you are My people, and you walk in all the ways that I command you, so that it may be well with you.”
Kimhi noted that nowhere in the Ten Commandments is there any reference to sacrifice, and even when sacrifices are first mentioned (Leviticus 1:2), the expression used is “when any man of you brings an offering,” the first Hebrew word ki being literally “if,” implying that it was a voluntary act.
Many Jewish scholars, such as Rav Kook, think that animal sacrifices will not be reinstated in Messianic times, even with the establishment of the third Temple. They believe that at that time human conduct will have advanced to such high standards there will no longer be a need for animal sacrifices to atone for sins. Only non-animal sacrifices (grains, for example) to express gratitude to God would remain.
There is a midrash that states: “In the Messianic era, all offerings will cease except the thanksgiving offering, which will continue forever. ”This seems consistent with the belief of Rav Kook and others, based on the prophecy of Isaiah (11:6–9), that people and animals will be vegan in that time, when “‘they shall neither harm nor destroy on all My holy mount.’”
Sacrifices, especially animal sacrifices, are not the primary concern of God. Indeed, they could be an abomination to God if not carried out together with deeds of loving kindness and justice. Consider the following words of the prophets, the spokesmen of God:
* “For I desire loving-kindness, and not sacrifices.” (Hosea 6:6)
* “Of what use are your many sacrifices to Me?” says the Lord. “I am sated with the burnt-offerings of rams and the fat of fattened cattle; and the blood of bulls and sheep and he-goats I do not want. . . .You shall no longer bring vain meal offerings. . . Your New Moons and your appointed seasons My soul hates; . . . and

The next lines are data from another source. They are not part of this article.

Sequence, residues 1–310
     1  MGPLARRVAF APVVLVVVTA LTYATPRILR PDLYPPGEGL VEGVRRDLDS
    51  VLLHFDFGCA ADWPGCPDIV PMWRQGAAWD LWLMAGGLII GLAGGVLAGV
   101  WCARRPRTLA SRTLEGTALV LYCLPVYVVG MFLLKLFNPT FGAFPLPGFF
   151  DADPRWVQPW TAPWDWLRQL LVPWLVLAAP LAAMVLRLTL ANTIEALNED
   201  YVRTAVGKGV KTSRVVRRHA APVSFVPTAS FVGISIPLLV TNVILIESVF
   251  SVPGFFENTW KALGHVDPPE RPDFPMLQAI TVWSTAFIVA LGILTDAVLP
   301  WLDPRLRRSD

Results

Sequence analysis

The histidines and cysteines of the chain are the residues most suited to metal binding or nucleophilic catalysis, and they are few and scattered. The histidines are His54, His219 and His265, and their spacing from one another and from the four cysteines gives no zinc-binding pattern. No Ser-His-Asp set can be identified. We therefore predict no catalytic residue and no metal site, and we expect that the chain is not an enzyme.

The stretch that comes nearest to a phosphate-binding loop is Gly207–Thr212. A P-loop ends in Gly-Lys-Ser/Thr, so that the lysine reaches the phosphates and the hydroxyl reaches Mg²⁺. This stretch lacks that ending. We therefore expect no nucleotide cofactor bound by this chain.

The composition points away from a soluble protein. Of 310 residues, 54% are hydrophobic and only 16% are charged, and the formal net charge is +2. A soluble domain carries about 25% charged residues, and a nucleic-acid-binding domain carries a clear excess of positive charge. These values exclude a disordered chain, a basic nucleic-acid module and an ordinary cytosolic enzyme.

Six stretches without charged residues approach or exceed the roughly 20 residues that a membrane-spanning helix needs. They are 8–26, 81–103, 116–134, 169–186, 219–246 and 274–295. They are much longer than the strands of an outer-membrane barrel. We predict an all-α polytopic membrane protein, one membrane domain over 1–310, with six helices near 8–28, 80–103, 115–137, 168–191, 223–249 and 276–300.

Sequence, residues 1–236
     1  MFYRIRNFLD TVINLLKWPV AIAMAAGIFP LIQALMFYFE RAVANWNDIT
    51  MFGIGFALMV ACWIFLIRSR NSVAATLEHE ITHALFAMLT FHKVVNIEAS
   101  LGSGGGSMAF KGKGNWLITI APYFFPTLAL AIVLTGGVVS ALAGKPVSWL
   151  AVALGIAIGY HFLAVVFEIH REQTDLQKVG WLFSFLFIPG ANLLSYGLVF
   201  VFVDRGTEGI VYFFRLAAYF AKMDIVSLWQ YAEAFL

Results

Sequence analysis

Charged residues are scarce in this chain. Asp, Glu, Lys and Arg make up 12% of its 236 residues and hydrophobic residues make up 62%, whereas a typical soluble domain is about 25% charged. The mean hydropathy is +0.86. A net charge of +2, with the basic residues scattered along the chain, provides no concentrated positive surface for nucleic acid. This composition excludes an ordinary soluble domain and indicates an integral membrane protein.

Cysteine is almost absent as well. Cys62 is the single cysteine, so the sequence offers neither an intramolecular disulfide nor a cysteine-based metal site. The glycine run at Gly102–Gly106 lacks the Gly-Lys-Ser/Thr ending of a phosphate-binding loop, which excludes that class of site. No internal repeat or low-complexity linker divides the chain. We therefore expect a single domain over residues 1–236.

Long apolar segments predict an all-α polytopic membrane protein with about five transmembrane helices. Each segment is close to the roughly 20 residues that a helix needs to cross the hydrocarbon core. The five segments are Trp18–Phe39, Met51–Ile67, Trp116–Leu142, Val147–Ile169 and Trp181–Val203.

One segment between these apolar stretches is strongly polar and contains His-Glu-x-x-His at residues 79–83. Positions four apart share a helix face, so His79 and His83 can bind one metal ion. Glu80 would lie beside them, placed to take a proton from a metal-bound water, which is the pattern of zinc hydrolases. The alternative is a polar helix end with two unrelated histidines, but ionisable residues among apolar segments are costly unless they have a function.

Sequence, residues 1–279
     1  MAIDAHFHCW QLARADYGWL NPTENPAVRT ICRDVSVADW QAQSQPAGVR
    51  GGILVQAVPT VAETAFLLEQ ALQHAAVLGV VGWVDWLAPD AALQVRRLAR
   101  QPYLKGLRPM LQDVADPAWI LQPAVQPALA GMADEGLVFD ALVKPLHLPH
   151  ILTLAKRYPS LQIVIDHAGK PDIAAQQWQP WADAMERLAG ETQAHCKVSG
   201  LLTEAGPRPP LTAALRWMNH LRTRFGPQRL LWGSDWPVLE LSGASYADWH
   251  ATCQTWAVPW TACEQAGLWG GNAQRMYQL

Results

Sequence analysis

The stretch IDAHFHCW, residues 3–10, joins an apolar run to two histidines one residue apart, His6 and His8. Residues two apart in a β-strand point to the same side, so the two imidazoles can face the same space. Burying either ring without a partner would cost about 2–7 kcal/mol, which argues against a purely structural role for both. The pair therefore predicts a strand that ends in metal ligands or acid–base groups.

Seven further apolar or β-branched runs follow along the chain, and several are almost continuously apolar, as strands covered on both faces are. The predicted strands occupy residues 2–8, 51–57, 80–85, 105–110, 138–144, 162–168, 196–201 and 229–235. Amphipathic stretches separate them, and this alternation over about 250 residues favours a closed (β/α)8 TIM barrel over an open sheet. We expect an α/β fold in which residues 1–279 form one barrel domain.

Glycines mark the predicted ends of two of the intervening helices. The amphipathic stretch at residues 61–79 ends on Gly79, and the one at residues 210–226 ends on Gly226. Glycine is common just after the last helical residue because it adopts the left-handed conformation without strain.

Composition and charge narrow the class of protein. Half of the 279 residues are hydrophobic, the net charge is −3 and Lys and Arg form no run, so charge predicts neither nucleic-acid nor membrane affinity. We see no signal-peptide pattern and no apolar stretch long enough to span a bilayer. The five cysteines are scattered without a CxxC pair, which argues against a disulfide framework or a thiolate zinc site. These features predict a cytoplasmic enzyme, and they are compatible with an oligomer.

when you spread out your hands, I will hide My eyes from you, even when you pray at length, I do not hear; your hands are full of blood.” (Isaiah 1:11–16)
- “I hate, I despise your feasts, and I take no delight in your solemn assemblies. Even though you offer me your burnt offerings and grain offeringsI will not accept them; and the peace offerings of your fattened animals, I will not look upon them. Take away from me the noise of your songs; to the melody of your harps I will not listen. But let justice roll down like waters, and righteousness like an ever-flowing stream. (Amos 5:21–24)
Deeds of compassion and kindness toward all creation are of greater
significance to God than sacrifices: “Performing charity and justice is
preferred by God to a sacrifice” (Proverbs 21:3).
Perhaps a different type of sacrifice is required of us today. When Rabbi Shesheth kept a fast for Yom Kippur, he used to conclude with these words: “Sovereign of the Universe, You know full well that in the time of the Temple when a man sinned he used to bring a sacrifice, and though all that was offered of it was fat and blood, atonement was made for him. Now I have kept a fast and my fat and blood have diminished. May it be Your will to account my fat and blood which have been diminished as if I have offered them before You on the altar, and favor me. (Berachot 17a)